ON ART AND AESTHETICS Exploring creativity and beauty across different media. Scholarly and journalistic. Lushly illustrated. Passionately global.
I’m glad I discovered the work of Alvin Pankhurst (born 1949), a New Zealand realist-surrealist painter with two successful galleries, in Parnell (Auckland) and Pauanui (the Coromandel). Alvin, who studied at the Wellington Polytechnic School of Graphic Design, is an internationally recognised leader in Maori subjects. His early paintings showed the passing of time with roots growing from wild roses, in Victorian interiors. Now the art he makes is steeped in legends and history, presenting Maori artifacts across stunning seashores and lakes.
Alvin writes: “I grew up around the Wairau pa along the banks of the Wairau river, 10 km north of Blenheim. I loved carving as a kid but the spirituality that the Maori master carvers were able to achieve makes your hair stand on end. We can’t ever let the Maori culture and history be lost, so all I can do is try to paint how I feel about the beauty and importance of New Zealand’s native people. That is why I have titles such as ABOUT TIME, OUR TIME, IT’S ABOUT TIME, SPIRITUAL JOURNEY, GUIDING SPIRITS, etc. The Maori culture is the only thing that makes us different from any other country, and it must be held up for everyone to see and for nobody to forget.”
The artist continues on his themes: “I married Ephra in 1975 and found during our overseas adventures that all anyone knew about art in New Zealand was the Maori art with their beautiful carvings, wakas, marae, weaving and songs! And of course the mokos/tattoos and hakas. In 1976, we moved to Auckland and started a series about the early European settlers’ hazardous journey to New Zealand. Over 150 ships were wrecked, most people were saved but there must have been a lot of furniture washed up on the shore. The furniture and crockery made beautiful paintings. I was always reading and hearing stories about amazing Maori treasures being exposed by coastal erosion or by the draining of wetlands.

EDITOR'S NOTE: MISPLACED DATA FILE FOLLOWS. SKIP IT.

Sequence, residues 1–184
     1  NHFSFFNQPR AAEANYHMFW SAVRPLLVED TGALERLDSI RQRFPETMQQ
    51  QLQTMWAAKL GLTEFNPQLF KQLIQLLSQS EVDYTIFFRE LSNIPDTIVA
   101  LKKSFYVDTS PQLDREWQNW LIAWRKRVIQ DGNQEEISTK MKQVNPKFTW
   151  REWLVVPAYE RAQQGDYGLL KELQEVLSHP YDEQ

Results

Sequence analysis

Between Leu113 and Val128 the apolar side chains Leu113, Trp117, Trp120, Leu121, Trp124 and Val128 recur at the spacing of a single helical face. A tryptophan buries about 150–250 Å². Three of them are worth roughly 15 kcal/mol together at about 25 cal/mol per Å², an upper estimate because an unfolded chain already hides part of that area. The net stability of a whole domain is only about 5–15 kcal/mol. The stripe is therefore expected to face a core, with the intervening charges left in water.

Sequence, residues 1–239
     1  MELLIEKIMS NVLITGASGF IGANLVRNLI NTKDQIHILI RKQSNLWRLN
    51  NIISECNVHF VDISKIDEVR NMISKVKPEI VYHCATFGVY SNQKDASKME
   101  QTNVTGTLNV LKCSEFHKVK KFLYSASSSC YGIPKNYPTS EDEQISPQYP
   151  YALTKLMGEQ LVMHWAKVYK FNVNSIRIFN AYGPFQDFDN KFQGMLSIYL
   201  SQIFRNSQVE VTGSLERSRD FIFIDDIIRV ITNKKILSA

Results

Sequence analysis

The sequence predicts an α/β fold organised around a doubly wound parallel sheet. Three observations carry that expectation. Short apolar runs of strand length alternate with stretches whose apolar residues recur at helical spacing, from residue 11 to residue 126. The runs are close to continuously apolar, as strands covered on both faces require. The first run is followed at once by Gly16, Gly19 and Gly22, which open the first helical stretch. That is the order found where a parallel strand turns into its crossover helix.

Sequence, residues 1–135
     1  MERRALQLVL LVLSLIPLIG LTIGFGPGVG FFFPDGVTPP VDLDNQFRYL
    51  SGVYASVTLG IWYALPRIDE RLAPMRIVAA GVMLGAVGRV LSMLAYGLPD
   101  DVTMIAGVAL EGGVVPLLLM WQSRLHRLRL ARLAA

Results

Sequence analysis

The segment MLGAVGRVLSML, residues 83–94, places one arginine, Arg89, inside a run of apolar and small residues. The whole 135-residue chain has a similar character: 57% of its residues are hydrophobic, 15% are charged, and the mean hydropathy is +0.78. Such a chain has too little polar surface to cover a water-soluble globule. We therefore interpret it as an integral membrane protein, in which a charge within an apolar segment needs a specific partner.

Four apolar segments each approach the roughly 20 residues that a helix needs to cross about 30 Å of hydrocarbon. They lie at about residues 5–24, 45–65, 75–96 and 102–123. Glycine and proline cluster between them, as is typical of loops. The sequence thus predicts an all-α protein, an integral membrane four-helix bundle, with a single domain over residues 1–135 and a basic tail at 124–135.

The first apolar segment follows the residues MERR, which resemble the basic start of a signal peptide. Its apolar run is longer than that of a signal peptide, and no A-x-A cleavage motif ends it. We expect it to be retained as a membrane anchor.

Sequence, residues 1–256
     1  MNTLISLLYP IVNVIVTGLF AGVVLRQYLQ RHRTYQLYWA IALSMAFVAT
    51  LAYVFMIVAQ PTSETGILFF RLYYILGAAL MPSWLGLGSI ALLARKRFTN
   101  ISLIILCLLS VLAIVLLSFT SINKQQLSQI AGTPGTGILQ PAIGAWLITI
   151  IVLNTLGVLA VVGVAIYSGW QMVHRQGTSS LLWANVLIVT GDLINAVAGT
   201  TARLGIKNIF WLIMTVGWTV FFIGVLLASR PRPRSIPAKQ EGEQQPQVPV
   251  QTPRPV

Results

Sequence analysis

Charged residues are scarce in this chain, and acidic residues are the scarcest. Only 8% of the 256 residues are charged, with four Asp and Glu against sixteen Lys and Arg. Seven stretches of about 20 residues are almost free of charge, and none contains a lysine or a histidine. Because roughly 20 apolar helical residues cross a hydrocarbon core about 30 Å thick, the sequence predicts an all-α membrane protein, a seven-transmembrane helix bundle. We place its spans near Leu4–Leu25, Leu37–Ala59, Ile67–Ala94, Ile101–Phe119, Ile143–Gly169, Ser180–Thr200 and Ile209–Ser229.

“When under threat of attack from other tribes the Maori buried their treasures in sand pits or hid them in caves. Their waka were camouflaged with reeds under water in the rivers. My paintings of the great Maori warriors and chiefs, and of war wakas, fishing wakas and taniwha are of carvings by great Maori carvers over the last three to four centuries. The paintings of the iconic Maori carvings reflect the feeling of spirituality, peace, tranquillity and history.”
Alvin has won several awards over the years, including the Air New Zealand National Art Award and Benson and Hedges. In 2001, he became the first New Zealander living in New Zealand to secure a place at the Royal Academy of Arts Summer Exhibition in London. His business is managed by his wife Ephra. They have two sons, Matthew (LLB BA) who works in the galleries, and Andre who is married to Anna and works for Gaudy in Sweden. Andre, a goldsmith/jeweller, makes jewellery for eminent European families.
An important event in Alvin’s life and career occurred while he was still in college. “When I was 19 and completing my Honours in Wellington,” he says, “my bed-sit studio was burnt down, destroying all of my art. It was a result of a combination of oils, solvents, a heater and attempted murder between two visitors to my studio. Severely burnt, the experience dramatically altered my view of paintings and I decided to concentrate on quality not quantity.”
Cosmopolitan soul and King’s College London alum (Twitter: @TulikaBahadur89) – slowly working on a novel and a collection of short stories (firstname.lastname@example.org: email for reviews and interviews). Follow “On Art and Aesthetics” on Facebook (@onartandaesthetics) and Twitter (@OnArtAes). View all posts by Tulika B.